In another sign that Russia is turning the nail on Ukraine, the The vote of the State Duma On Tuesday to ask Putin to recognize the independence of the two Russian-controlled breakaway regions in the east of the country.

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Noting that he intended to use them as leverage, Putin said he would not recognize the “republics” immediately, but called on NATO to negotiate with him on Russia’s security guarantees before it was “too late”.

We hear that Ukraine is not ready to join NATO. Putin said. “At the same time, they say they won’t join tomorrow. But by the time they get ready for that, it might be too late for us. So we have to decide that question now, for now, in the very near future, we have to have a negotiation process.” regarding this matter.”

The withdrawal was first announced on Tuesday morning by Defense Ministry spokesman Igor Konashenkov, who described the ongoing exercises in which troops from “virtually all military districts, fleets and airborne forces” took part.

The Defense Ministry released a video, apparently filmed in Crimea, of Russian tanks and other heavy weapons from two brigades being loaded onto railway cars. Other than that, the Russian military provided little information about which troops would be withdrawn and where they would be sent.

“We believe that there is some ground for cautious optimism based on the signals and signals coming from Moscow, that they are ready to engage in a diplomatic effort and we are ready to continue to engage in diplomatic efforts,” said NATO Secretary General Jens Stoltenberg. Effort.”

Ukrainian officials have said they will not take Moscow at its word on the withdrawal. “A lot of data is constantly being released from [Russia]”So we have a rule: we will believe it when we see it,” said Dmytro Kuleba, Ukraine’s foreign minister. If we see the withdrawal, we will believe in de-escalation.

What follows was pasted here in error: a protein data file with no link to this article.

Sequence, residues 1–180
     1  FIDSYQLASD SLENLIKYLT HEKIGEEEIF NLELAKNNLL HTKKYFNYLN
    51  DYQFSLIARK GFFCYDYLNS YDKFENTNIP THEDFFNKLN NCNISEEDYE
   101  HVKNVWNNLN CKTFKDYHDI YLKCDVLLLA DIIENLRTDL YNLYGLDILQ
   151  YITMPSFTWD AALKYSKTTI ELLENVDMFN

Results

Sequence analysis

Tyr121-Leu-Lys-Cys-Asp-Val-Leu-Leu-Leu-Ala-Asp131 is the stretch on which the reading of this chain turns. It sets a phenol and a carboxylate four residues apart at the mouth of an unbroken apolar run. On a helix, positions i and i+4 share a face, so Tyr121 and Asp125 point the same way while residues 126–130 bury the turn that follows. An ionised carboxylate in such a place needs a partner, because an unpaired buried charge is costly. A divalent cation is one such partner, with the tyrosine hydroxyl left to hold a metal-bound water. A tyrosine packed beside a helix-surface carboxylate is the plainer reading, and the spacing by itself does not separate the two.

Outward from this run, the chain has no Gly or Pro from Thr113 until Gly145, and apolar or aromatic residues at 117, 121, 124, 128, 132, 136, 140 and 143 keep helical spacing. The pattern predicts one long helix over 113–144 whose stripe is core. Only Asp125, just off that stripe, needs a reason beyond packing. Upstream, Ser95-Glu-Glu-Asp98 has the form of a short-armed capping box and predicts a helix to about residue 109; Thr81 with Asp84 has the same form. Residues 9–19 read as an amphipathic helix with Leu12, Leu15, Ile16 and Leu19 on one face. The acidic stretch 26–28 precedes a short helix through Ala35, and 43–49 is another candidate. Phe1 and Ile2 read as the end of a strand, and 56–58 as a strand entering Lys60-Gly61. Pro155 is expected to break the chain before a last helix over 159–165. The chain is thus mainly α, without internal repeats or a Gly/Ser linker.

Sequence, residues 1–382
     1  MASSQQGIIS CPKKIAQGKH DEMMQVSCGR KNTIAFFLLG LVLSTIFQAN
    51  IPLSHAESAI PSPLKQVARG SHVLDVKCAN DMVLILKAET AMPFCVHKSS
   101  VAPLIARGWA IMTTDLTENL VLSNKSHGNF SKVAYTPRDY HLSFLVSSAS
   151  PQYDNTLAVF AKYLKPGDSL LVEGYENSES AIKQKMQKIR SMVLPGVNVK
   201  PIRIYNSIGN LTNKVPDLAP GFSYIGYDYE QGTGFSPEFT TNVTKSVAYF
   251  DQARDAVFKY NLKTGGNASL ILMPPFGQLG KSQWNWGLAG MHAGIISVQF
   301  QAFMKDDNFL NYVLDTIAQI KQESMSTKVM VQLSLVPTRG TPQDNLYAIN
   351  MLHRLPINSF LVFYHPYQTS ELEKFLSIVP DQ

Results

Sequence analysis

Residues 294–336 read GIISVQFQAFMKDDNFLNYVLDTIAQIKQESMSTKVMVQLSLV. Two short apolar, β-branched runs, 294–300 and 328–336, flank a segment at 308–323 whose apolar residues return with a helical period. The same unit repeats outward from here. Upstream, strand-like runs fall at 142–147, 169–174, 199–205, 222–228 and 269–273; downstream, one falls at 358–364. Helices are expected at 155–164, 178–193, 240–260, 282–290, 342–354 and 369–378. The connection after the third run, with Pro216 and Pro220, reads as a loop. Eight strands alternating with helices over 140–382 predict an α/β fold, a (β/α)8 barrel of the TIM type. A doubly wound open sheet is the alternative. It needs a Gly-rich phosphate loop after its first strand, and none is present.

Kremlin spokesman Dmitry Peskov accused the West of manufacturing “obsessive information frenzy”.

We have always said that the forces will return to their bases after the exercises are over. This is the case this time as well.

Schulz arrived in Moscow on Tuesday for meetings with Putin, the latest in a series of visits and phone calls from Western leaders seeking to avoid a possible war through negotiations.

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Putin said he was “ready to work more” with the West on how to de-escalate the crisis on Ukraine’s border, while the German chancellor said diplomatic channels were “not yet exhausted”, at a joint news conference marked by subtle subtle blows and stoking historic discontent.

“We are ready to work together further, ready to go on the path of negotiations,” said Putin, who denied that his country was seeking to invade Ukraine. “Whether we want [war]: of course not. That is why we have made these proposals about negotiations, the results of which should be an agreement on equal security for all countries, including ours. ”

Russia earlier announced the conclusion of military exercises near the Ukrainian border, but social media and satellite images taken in the following days did not show significant changes in the status of Russian forces. Only a small number of troops participated in those exercises.

Many of the troops near the Ukrainian border do not participate in any formal training.

Russia is conducting major joint exercises with Belarus that are scheduled to end on February 20. Western countries said the exercises could be used as cover to prepare for an attack on Ukraine, while Russia said troops would return to the base once the exercises were over.

On Tuesday, Russia also deployed nuclear-capable long-range bombers and fighter jets carrying the latest hypersonic missiles to its air base in Syria for major naval exercises in the region.

Russia’s Defense Minister, Sergei Shoigu, met Syrian President Bashar al-Assad after his arrival in Syria to oversee the exercises, which represent Russia’s largest naval deployment in the Mediterranean since the Cold War.

Additional reporting by Daniel Bovey in Brussels and Patrick Wintour in London